You know about dissonance. You may have strong personal and professional convictions about an issue; however, you feel you have to act in another way — and that way doesn’t align with your beliefs or values. The result is a bad kind of feeling in your head and in your heart. Ultimately, there’s guilt or regret — but that’s not always a bad thing.
Dissonance with your workers
Skilled managers and supervisors know how to initiate conversations that help their employees realize when they’re not working in ways consistent with their beliefs or values. These productive safety communications create uneasiness and motivate employees to work safer. And when worker-actions become consistent with their personal values, the discomfort leaves or dissipates. You can bring about this kind of dissonance through storytelling and other tactics. But there’s another kind of safety-related dissonance that’s not talked about nearly enough — one that needs to happen somewhere else within the organization.
Dissonance at the top
In working with a wide range of executives in the past 30 years, I’ve come to realize that hardly anyone is immune from dissonance. And as professionals, practitioners, and consultants, part of our job is to help produce organizational dissonance (rather than limit it) so that good things will be initiated and accomplished. But let’s face it, leaders typically push to get what they want – more productivity, more quality, or more safety. However, it’s often up to us to help them realize that they should want and need more safety.
There will always be complementary and competing beliefs that force executives to prioritize and justify their support and actions. And we can’t pull back just because of a little competition. We also realize that leaders are typically driven by profits – that’s just the way it’s going to be. However, the business landscape has been changing and the scorecard has expanded in ways that now include the environment, and employee health and safety. You have to leverage that scorecard and expand your own in order to create a little more dissonance.
If all of this is creating a little frustration and dissonance within you, that’s a good thing. It just may cause you get off your assets and take some action. Here’s a few ways to create some dissonance near the top and leverage additional EHS support:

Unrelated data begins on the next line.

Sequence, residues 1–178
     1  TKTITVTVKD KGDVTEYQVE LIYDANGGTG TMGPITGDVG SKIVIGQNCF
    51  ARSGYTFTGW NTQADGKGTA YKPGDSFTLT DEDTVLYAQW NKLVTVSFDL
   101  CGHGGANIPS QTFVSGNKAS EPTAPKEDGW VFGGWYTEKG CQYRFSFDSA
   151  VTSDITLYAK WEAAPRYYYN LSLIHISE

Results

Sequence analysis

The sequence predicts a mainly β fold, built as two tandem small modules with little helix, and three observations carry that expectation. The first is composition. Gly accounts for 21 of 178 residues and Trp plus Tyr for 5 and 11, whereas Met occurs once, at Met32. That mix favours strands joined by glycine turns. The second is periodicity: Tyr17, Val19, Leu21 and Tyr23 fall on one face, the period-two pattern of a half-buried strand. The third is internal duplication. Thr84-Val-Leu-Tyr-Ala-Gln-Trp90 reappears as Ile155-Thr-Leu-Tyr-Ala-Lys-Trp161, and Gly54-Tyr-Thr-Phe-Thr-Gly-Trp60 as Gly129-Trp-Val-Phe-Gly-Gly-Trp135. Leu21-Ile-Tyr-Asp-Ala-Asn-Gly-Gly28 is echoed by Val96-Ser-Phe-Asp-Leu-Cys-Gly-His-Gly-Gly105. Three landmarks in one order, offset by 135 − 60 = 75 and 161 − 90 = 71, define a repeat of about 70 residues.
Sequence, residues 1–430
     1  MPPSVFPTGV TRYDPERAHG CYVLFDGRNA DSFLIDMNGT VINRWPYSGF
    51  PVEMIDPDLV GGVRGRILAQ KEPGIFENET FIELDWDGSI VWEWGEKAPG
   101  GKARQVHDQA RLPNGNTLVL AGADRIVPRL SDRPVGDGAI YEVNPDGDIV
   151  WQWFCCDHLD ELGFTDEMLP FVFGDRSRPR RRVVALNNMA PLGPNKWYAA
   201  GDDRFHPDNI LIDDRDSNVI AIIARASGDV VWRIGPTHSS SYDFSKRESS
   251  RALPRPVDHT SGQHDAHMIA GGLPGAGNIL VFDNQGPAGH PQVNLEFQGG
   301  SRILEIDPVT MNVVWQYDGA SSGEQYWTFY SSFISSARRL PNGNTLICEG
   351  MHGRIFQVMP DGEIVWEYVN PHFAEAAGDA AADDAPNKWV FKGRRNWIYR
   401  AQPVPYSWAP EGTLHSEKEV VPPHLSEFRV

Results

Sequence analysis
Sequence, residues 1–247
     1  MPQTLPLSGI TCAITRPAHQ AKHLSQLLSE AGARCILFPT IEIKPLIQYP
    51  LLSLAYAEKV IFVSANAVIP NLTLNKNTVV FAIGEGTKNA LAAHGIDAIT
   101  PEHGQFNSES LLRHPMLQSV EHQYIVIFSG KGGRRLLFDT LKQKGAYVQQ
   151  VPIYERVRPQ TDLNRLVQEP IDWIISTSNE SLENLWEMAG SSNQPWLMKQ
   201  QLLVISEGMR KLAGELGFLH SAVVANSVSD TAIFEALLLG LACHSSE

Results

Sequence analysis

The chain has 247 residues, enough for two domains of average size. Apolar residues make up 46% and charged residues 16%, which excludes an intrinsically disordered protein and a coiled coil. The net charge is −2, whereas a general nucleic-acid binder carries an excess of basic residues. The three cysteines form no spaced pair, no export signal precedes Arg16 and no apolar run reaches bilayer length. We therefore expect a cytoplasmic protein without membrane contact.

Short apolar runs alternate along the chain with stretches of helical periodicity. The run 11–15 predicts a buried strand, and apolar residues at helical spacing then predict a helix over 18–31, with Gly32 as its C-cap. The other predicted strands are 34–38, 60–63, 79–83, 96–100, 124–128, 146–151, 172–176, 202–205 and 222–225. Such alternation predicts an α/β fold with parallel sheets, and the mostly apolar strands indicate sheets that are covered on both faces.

1. Utilize climate and culture surveys as opportunities to further discuss challenges and barriers to EHS excellence and how inherent cultural weaknesses impact morale, productivity, and quality. Safety culture surveys help not only to qualify what’s going on but also to quantify key cultural dimensions and place numbers/results on issues and concerns that can serve as your baseline for ongoing improvement.
2. Going hand-in-hand with safety culture surveys is the use of safety sensing sessions. When employee safety sensing sessions or focus groups are conducted well, you can gather an amazing amount of objective employee opinions that are weighted and prioritized for use. This kind of objective feedback from the workforce can be an eye opener for your leaders and help move them to action.
3. Get your leaders out and about. Your key stakeholders and organizational leaders need to listen to the people who are doing the work. In this way, they can hear directly from individuals who have the most to lose when it comes to weaknesses found within your safety culture. It also allows your leaders to see workers as “real people – the face of the organization, humanity amongst humanity.” Your workers have families and lives that need to be enjoyed and shared, in some ways, just like your leaders. Your leaders need to have direct contact with your workers and listening to them is a great way to put them in close contact and get more of the safety pulse. If your leaders don’t know what to ask, you need to prepare a short list of questions for them.
4. Benchmarking with similar companies that have EHS cultures as good as or better than your own helps to create some tension that can move leaders to action. Good benchmarking can provide valuable insights and a form of peer pressure that may not have previously existed.
If your leaders have any kind of emotional tie to people, it has to drive them and others to action. We can play a part and help to move their hand. Let’s make the most of the dissonance we’re able to create near the top.